As the distortions from as-reported accounting are removed, we can see that Kweichow Moutai (SHSE:600519) isn’t a 20% return business. Its Uniform ROA is 164%.
Meanwhile, Alibaba (BABA) looks almost like an unprofitable company with below the cost of capital returns of around 4%. In fact, this massive e-commerce company actually powers a 60% Uniform ROA.
That being said, to find companies that can deliver alpha beyond the market, just finding companies where as-reported metrics misrepresent a company’s real profitability is insufficient.
To really generate alpha, any investor also needs to identify where the market is significantly undervaluing the company’s potential.
These dislocations demonstrate that most of these firms are in a different financial position than GAAP may make their books appear. However, there is another crucial step in the search for alpha. Investors need to also find companies that are performing better than their valuations imply.
Valens has built a systematic process called Embedded Expectations Analysis to help investors get a sense of the future performance already baked into a company’s current stock price. Take a look:
This chart shows four interesting data points:
- The average Uniform ROA among Soros Fund Management’s top 15 holdings is actually 42% which is much better than the corporate average in the United States.
- The analyst-expected Uniform ROA represents what ROA is forecasted to do over the next two years. To get the ROA value, we take consensus Wall Street estimates and convert them to the Uniform Accounting framework.
- The market-implied Uniform ROA is what the market thinks Uniform ROA is going to be in the three years following the analyst expectations, which for most companies here are 2023, 2024, and 2025. Here, we show the sort of economic productivity a company needs to achieve to justify its current stock price.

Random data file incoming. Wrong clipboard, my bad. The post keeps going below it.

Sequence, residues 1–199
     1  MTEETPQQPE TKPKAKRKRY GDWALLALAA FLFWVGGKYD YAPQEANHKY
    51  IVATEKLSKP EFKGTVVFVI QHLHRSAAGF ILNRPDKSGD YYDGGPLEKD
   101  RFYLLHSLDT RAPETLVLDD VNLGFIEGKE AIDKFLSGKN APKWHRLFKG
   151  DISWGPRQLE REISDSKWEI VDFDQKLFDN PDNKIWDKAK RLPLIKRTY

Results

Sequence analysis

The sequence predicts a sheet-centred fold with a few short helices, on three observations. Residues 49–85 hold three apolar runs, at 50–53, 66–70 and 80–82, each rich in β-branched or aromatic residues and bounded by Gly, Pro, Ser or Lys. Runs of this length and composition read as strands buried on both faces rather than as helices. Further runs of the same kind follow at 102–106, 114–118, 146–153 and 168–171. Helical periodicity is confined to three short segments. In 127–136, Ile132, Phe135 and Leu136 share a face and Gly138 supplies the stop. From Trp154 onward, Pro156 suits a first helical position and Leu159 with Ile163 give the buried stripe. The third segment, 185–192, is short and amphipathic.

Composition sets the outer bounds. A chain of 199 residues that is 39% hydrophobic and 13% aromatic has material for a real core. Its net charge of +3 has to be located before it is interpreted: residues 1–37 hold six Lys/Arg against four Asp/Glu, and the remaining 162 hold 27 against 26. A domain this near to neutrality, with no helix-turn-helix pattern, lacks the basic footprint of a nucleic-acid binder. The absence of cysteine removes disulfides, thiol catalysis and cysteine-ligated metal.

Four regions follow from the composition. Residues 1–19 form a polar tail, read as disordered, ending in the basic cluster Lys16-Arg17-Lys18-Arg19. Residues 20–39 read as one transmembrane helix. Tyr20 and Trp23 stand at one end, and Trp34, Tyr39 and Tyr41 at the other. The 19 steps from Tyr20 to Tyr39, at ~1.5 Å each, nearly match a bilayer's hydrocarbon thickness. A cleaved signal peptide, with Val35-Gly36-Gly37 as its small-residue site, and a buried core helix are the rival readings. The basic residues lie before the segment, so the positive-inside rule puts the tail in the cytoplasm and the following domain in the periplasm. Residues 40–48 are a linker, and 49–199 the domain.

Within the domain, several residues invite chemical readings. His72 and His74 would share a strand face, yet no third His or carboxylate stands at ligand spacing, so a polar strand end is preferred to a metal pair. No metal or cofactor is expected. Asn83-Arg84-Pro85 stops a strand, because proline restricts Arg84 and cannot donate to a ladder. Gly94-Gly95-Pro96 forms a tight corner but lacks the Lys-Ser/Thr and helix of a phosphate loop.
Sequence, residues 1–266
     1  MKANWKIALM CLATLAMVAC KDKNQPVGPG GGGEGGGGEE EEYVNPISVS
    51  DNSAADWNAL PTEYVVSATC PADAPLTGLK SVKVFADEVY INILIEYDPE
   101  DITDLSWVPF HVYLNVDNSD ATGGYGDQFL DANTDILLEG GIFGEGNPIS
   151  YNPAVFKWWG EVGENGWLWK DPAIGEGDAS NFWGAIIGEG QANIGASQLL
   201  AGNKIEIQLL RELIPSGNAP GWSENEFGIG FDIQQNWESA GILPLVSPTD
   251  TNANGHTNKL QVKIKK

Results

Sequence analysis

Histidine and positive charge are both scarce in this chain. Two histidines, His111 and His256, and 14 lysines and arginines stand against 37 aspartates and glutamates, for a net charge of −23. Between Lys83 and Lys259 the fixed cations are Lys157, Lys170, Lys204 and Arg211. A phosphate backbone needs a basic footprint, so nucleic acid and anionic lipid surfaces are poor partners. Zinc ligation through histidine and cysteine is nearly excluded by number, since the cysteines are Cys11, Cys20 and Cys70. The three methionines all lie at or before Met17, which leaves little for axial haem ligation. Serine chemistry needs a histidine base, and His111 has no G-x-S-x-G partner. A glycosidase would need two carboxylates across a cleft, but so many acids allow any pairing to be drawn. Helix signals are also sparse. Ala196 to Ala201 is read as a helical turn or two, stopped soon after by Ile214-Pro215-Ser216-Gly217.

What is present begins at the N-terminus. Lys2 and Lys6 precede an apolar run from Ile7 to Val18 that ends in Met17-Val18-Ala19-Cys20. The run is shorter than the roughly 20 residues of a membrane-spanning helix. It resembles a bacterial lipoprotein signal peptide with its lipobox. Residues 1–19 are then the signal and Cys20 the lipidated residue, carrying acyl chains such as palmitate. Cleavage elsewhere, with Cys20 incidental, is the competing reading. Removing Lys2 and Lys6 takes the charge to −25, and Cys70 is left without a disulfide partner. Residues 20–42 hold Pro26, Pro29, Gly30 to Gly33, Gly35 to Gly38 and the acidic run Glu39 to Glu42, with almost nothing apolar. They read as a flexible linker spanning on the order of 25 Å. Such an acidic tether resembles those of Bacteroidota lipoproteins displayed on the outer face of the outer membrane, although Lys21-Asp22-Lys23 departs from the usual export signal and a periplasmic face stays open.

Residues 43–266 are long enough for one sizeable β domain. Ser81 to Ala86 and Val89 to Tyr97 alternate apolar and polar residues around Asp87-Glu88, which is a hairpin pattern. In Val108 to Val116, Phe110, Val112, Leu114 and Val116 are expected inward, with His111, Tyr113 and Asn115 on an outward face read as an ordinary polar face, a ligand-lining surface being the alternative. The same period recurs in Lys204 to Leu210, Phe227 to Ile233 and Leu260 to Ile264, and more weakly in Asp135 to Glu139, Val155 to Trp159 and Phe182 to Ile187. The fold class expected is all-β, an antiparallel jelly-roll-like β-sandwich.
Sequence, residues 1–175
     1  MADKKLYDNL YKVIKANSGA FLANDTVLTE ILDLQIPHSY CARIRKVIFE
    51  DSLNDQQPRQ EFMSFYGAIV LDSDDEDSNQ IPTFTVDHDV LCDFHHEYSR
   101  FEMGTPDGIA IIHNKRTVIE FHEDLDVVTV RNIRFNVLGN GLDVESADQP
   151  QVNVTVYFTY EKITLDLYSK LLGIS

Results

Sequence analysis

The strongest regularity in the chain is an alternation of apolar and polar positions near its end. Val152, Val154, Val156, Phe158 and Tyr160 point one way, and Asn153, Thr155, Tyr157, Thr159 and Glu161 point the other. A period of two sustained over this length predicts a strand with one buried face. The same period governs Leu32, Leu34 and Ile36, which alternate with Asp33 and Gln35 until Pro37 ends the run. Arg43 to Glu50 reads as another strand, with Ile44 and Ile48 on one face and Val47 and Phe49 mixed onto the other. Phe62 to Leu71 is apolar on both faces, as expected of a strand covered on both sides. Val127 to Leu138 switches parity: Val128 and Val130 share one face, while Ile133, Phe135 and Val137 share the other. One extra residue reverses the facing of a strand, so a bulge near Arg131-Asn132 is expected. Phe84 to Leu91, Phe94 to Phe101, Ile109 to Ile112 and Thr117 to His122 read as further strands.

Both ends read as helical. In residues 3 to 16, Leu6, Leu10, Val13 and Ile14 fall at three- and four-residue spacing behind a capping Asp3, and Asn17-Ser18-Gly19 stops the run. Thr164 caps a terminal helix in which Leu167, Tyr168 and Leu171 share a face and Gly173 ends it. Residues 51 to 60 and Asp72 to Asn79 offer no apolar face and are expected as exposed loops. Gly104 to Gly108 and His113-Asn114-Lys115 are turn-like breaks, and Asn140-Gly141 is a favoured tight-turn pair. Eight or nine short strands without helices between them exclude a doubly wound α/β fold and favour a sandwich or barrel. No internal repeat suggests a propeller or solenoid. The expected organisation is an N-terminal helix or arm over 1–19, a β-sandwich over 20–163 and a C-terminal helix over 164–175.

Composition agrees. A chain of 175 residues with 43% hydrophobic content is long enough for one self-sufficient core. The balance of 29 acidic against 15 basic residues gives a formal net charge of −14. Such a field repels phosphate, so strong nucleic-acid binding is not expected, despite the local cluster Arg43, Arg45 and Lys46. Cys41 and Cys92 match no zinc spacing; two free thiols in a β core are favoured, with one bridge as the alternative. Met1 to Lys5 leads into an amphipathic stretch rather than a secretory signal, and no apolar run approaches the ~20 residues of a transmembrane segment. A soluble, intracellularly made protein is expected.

- The Uniform P/E is our measure of how expensive a company is relative to its Uniform earnings. For reference, the average Uniform P/E across the investing universe is roughly 20x.
Embedded Expectations Analysis of SPDR Portfolio Emerging Markets ETF paints a clear picture. Over the next few years, Wall Street analysts expect the companies in the fund to slightly improve in profitability. However, the market thinks the opposite and is pricing in declined profitability for the companies in the portfolio.
Analysts forecast the portfolio holdings on average to see Uniform ROA increase to 44% over the next two years. At current valuations, the market’s expectations are way lower than analysts, and it expects a 29% Uniform ROA for the companies in the portfolio.
For instance, JD.com (JD) returned 16% this year. Analysts think its returns will improve to 25%. And at a 9.5x Uniform P/E, the market expects profitability to fall significantly and is pricing Uniform ROA to be around 7%.
Similarly, Baidu’s (BIDU) Uniform ROA is 17%. Analysts expect its returns will remain roughly the same, at around 17%, but the market is highly pessimistic and pricing its returns to be around 5%.
Overall, the ETF provides an important opportunity for investors looking to diversify their portfolio with emerging markets.